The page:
My Architect

Director: Nathaniel Kahn

U.S.A.| 2003. Colour. Dolby stereo SR. 116 mins.

Lionised by the likes of Frank Gehry (who did the curvy Bilbao Guggenheim) and IM Pei (famed for the Louvre’s glass pyramids), Louis I Kahn ranks among America’s greatest architects, but his refusal to compromise left many unfulfilled projects when he died of a heart attack in the gents at Penn station New York in 1974. Not only did he leave debts of half a million dollars, but his body lay unclaimed for two days because he’d scratched out the address on his passport.Curiously, his son Nathaniel, this film’s director and narrator, wasn’t even listed among the family members in the obituaries, a puzzling omission explained by the fact that in addition to his ‘official’ family, Kahn had also fathered illegitimate children by two other women.
In part, Nathaniel Kahn’s film sets out to answer whether his father’s evident cultural stature could excuse or even explain such destructive behaviour. Putting together biographical details and visiting his buildings starts to put things into perspective, but it’s his extended family’s bittersweet experiences which make this far richer than a mere arts profile. Interviews with former lovers now in the serenity of old age reveal the depths of feeling this difficult, charismatic man clearly aroused, while the climactic footage of Kahn’s masterpiece, the Capitol building in Bangladesh, symbol of an entire nation’s budding democracy, inspires moving filial pride as it reconciles an errant father’s fractured emotional and architectural legacies. Responsive to the spatial impact of the buildings themselves, this is above all a fascinating, touching human story: when was the last time you cried at an architecture documentary?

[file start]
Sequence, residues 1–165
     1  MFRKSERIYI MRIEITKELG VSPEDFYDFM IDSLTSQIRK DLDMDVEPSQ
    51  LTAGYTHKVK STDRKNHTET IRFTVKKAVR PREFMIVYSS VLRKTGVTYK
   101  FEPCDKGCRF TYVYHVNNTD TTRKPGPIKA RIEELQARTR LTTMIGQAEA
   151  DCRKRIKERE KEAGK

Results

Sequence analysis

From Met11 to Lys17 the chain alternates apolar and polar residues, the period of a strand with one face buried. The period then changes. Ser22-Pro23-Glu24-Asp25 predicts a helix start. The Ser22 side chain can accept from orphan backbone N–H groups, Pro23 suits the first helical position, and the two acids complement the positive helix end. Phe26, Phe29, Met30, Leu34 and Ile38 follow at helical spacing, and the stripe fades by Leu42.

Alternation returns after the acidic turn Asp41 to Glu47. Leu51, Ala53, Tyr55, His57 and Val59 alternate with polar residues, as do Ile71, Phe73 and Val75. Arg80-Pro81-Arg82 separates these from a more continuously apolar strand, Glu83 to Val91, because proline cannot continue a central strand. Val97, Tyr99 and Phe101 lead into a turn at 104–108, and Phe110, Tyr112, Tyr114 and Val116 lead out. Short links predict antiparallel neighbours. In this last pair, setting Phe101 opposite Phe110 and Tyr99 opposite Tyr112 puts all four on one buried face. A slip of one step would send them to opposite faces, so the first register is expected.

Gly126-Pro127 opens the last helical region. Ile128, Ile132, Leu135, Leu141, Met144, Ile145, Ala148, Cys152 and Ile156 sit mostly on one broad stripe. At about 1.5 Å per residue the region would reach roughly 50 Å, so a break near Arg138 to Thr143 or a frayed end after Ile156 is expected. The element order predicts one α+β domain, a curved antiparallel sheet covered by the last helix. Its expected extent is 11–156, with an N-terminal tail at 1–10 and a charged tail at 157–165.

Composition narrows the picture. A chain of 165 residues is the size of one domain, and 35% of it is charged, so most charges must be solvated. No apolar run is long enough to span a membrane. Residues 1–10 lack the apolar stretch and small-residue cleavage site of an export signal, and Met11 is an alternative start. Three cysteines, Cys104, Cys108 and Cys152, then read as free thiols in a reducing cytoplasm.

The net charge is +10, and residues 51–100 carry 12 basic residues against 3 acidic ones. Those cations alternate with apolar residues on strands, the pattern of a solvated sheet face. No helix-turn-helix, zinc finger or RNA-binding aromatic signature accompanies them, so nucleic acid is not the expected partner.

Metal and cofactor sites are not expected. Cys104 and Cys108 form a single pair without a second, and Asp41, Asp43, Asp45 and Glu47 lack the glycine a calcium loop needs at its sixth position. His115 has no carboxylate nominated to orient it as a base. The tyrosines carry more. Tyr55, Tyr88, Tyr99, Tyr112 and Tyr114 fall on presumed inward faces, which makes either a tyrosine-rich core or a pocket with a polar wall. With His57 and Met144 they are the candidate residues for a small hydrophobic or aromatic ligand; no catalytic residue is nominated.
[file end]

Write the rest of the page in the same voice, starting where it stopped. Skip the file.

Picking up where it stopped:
Book Tickets